For the fourth time in 15 months, Earthworks regurgitated its infamous “Threat Maps” report this week, pitching the debunked misinformation originally released last June as a “new analysis.”

So how did this recycled “report” claiming those who live near oil and gas infrastructure face elevated health risks due to air pollution manage to get media coverage in POLITICO and E&E News? By incorporating children into the narrative — a go-to anti-fracking media strategy detailed in a 2012 memo that encouraged “Keep It In the Ground” groups to make connections between health problems and fracking, even when no evidence existed to support the linkage.

Unfortunately, it proved somewhat effective, as Wednesday’s edition of POLITICO Morning Energy reported that Earthworks’ “updated analysis” finds “2.9 million children are at risk from toxic air pollution from active oil and gas production sites within half a mile of their schools.”

Contrary to what POLITICO reported, the only update to Earthworks’ “analysis” is its finding that a significant number of U.S. schools are within a half mile of an oil or gas well. In no way, shape or form does Earthworks’ “analysis” — new or old — prove that this arbitrary “threat radius” is evidence of “risk from toxic air pollution.” And you don’t have to take our word for it, as Earthworks has previously acknowledged this fact,

“The Threat Radius is the area within 1/2 mile of active oil and gas wells, compressors and processors. It indicates that those within it should be concerned; it is not a declaration that those within it will have negative health impacts. The Threat Radius does not quantify the threat posed by this pollution.”

Earthworks has also previously admitted that its “Threat Maps” are “not a measure of actual risk” and are plagued by “data quality issues” and “uncertainties,” while also saying, “The Threat Map doesn’t mean you’re safe if you live farther than a half-mile from a facility, or doomed if you live closer than a half-mile.”

There is good reason for Earthworks’ ambiguous self-assessment: The two “reports” (“Fracking Fumes” and “Gasping for Breath”) for which the entire “Threat Maps” project is based are themselves based on similarly ambiguous studies that failed to take actual air measurements. Instead, these studies rely on “associations” to reach their conclusions that oil and gas production may harm public health, a common flaw of anti-fracking studies that was recently criticized by environmental research group Resources for Our Future. It is for this reason that Earthworks’ “Threat Maps” project is littered with scientific weasel words such as “indicates” and “correlated” rather than definitive terms to match its alarmist topline conclusions, as the following example illustrates,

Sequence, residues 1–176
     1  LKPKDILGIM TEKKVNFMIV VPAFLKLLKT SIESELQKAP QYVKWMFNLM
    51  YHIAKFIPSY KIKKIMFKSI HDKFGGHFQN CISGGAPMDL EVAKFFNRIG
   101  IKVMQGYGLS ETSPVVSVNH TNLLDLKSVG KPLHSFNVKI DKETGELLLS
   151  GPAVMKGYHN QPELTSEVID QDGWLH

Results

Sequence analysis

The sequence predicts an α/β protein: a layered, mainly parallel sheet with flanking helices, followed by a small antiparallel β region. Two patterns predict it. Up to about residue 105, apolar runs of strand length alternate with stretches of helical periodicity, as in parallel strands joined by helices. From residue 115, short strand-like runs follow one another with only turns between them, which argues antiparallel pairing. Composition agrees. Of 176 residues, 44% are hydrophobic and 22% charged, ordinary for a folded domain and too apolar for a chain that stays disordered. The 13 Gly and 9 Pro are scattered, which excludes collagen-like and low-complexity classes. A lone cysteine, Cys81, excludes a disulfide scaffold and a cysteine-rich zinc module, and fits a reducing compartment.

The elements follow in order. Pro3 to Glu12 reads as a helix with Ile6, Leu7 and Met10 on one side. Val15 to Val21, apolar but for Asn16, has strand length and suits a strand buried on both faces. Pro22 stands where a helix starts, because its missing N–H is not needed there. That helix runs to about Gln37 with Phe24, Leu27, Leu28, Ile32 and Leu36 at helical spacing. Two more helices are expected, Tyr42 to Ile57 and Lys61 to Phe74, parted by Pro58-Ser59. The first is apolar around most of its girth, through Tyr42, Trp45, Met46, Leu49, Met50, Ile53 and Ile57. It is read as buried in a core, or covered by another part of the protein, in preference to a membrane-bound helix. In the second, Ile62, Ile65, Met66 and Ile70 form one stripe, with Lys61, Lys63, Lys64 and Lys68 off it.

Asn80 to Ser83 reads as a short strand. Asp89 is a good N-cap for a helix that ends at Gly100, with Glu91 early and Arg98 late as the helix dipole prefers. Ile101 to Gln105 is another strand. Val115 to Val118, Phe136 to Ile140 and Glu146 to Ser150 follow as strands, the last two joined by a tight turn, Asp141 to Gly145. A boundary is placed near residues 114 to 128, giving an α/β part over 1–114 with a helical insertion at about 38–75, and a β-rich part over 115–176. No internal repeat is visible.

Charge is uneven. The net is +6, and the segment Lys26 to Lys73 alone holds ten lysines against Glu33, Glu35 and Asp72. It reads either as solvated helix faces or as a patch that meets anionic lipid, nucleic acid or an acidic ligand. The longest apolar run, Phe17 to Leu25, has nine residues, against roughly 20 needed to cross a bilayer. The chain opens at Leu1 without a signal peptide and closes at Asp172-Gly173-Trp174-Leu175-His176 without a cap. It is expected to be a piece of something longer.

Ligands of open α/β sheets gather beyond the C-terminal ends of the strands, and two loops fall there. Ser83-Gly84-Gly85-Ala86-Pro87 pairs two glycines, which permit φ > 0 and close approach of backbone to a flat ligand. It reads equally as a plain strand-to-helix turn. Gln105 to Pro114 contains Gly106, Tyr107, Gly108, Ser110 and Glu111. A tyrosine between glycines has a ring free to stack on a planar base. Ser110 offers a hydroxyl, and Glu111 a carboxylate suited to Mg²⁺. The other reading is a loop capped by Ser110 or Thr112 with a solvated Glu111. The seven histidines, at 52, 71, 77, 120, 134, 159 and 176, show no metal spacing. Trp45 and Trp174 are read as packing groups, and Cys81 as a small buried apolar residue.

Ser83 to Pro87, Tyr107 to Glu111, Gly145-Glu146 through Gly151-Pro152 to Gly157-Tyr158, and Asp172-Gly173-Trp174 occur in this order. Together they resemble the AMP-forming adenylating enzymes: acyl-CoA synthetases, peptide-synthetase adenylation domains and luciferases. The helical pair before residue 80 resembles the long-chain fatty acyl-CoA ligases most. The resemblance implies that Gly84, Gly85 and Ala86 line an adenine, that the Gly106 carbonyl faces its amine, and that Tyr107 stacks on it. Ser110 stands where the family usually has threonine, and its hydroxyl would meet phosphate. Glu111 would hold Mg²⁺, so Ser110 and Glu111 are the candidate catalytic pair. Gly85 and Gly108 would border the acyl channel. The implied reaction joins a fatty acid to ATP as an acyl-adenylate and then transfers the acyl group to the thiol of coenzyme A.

“Peer-reviewed science indicates that living within a ½ mile of these production facilities is clearly correlated with negative health impacts including cancer, respiratory illness, fetal defects, blood disorders, and neurological problems.”

And it’s no wonder the project has not only been debunked multiple times by EID (here, here, here and here) but is also refuted by multiple state health agency assessments (one directly), U.S. Environmental Protection Agency (EPA) data and numerous other experts that have determined, based on direct emission measurements and actual emissions data, that emissions from oil and gas production are below thresholds regulatory authorities consider to be a threat to public health.

Notably, some of the most prominent examples are from states Earthworks identifies as being the “most threatened” based on its flawed proximity metric.